• Katzner (This is a solid contender for the #1 slot here. It has some in-depth explanations, and the English–Russian section is one of the best I’ve seen.)


Dictionaries with phonetic information (not IPA)

Chinese dictionaries tend to use Pinyin transcriptions, which are nice and standardized.


Dictionaries with phonetic information (not IPA)

Japanese dictionaries tend to use Romaji transcriptions, but there are a few different Romaji transcription methods, so you’ll see the same word written in a few different ways. The first 4 seem to mostly contain one-word definitions.

Dictionaries without any phonetic information

  • Oxford Beginner Japanese Dictionary


Dictionaries with phonetic information (not IPA)

Korean dictionaries tend to use various transcription methods, which don’t seem particularly standardized, but also don’t seem particularly terrible or misleading.


Dictionaries with IPA transcriptions

There was only ONE dictionary in the two stores I visited with IPA info for Arabic, and I cannot find the same edition on Amazon! It was a small blue Collins dictionary, and I believe that it’s an earlier edition of this one. If anyone can confirm, please let me know.

Dictionaries with phonetic information (not IPA)

Dictionaries without any phonetic information

  • Oxford Essential
  • Concise Oxford (Strange choices here: there was no way to look up a word in Arabic.)
  • Hippocrene Standard (And here there was no way to look up a word in English.)


Didn’t find much, and what I found wasn’t particularly impressive. Would appreciate recommendations here. Honorable mention: The Oxford English–Hebrew Dictionary only goes in the English –>Hebrew direction, but it does have a large number of example sentences. Not bad.

Dictionaries with phonetic information (not IPA)

  • Webster’s New World Dictionary (some odd, confusing transcription method)

Dictionaries without phonetic information

  • Ben Yehuda’s Pocket Dictionary


In sore need of resources here! Just one dictionary in the two bookstores, and it’s not particularly good.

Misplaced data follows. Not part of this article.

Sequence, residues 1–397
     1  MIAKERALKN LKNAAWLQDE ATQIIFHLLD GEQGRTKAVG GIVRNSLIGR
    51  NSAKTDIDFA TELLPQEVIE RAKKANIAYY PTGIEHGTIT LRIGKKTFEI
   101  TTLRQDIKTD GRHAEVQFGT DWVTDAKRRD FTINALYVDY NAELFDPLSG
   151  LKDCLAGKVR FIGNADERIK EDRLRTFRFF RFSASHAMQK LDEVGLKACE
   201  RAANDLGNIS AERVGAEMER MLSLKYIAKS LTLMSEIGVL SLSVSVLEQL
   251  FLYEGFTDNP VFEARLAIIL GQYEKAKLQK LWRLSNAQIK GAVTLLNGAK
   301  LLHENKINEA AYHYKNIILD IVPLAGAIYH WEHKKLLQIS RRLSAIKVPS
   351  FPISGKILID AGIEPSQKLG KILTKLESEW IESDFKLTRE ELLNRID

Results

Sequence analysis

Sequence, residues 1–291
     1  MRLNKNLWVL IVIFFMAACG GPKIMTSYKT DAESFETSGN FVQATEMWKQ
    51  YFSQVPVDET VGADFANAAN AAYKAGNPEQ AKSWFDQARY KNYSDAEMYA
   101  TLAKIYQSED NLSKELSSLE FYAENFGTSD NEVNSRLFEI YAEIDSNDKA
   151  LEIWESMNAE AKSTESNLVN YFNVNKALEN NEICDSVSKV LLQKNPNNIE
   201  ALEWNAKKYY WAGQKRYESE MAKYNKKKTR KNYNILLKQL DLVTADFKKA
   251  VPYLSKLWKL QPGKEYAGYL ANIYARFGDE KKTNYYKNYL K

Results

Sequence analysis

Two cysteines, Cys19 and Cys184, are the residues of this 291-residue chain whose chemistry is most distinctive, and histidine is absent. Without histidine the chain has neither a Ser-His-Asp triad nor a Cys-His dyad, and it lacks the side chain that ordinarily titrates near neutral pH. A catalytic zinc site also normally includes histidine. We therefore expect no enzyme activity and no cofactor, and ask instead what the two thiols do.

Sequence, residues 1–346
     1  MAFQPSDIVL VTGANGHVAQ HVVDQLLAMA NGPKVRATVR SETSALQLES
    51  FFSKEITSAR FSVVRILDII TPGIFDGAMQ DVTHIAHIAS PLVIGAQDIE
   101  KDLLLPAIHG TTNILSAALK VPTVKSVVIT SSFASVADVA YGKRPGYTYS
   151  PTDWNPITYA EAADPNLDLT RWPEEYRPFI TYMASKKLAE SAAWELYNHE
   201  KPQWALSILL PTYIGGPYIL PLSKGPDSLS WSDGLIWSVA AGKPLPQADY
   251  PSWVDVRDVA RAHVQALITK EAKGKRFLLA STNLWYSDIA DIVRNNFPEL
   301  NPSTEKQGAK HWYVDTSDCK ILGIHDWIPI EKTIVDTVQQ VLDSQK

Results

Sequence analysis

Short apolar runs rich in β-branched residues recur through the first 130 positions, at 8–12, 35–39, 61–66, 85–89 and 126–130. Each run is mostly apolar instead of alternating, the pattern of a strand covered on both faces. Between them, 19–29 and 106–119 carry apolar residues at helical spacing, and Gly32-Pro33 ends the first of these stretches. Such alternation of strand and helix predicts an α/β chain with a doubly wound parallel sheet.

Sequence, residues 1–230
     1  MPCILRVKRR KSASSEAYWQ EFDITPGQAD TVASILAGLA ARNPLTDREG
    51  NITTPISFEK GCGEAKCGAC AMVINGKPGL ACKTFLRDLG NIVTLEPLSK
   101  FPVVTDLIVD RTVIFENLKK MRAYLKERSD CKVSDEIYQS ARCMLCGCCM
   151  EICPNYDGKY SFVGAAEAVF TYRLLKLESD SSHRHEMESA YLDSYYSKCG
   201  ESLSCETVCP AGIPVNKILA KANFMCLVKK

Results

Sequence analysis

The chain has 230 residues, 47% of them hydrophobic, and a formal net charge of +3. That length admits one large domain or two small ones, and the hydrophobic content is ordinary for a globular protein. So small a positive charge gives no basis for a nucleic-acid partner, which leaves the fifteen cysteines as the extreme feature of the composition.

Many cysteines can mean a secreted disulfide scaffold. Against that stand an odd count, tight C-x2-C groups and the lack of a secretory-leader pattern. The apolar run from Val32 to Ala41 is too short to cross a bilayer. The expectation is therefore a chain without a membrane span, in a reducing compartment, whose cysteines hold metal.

Dictionaries without phonetic information

  • Pocket Oxford


Dictionaries without any phonetic information

No phonetic info on any individual words. Lame. You’ll need to rely on pronunciation guides.


Dictionaries with phonetic information (not IPA)

Slim pickings for Finnish. One Langenscheidt dictionary with HEER-teh-hee-nehn-type transcriptions.


Dictionaries with phonetic information (not IPA)

Slim pickings for Persian, too. One Hippocrene concise dictionary with some odd, relatively confusing transcription method.


Dictionaries with phonetic information (not IPA)


Slim pickings. Let me know if you know of something better.

Dictionaries without phonetic information


Dictionaries with phonetic information (not IPA)

  • Periplus Pocket Burmese (This used a relatively straightforward transcription method. A fine, basic (+ short) dictionary.)

That’s it for now. This is what you might expect to find in a well-stocked bookstore.

If you have a language that isn’t on this list (or towards the end of this list), you’re likely going to have to shop online, which is a pain for dictionaries, because there’s such a wide variety in terms of quality and content.

If you own a dictionary that isn’t on this list, I’d love to add it! Send me the following info:

  • What sort of phonetic info (if any) does it include? I’m making a distinction between relatively straightforward transcription methods like Romaji/Pinyin, confusing transcription methods with lots of inexplicable symbols for no clear reason, and totally misleading transcription methods based on English (Bawn-JOOR). There aren’t really clear lines between these three categories – just let me know your impressions.
  • How’s the quality of the definitions? Lots of one-word definitions? Phrases? Whole translated example sentences?
  • Does it go in both directions? (English–French and French–English)
  • Where’d you find it?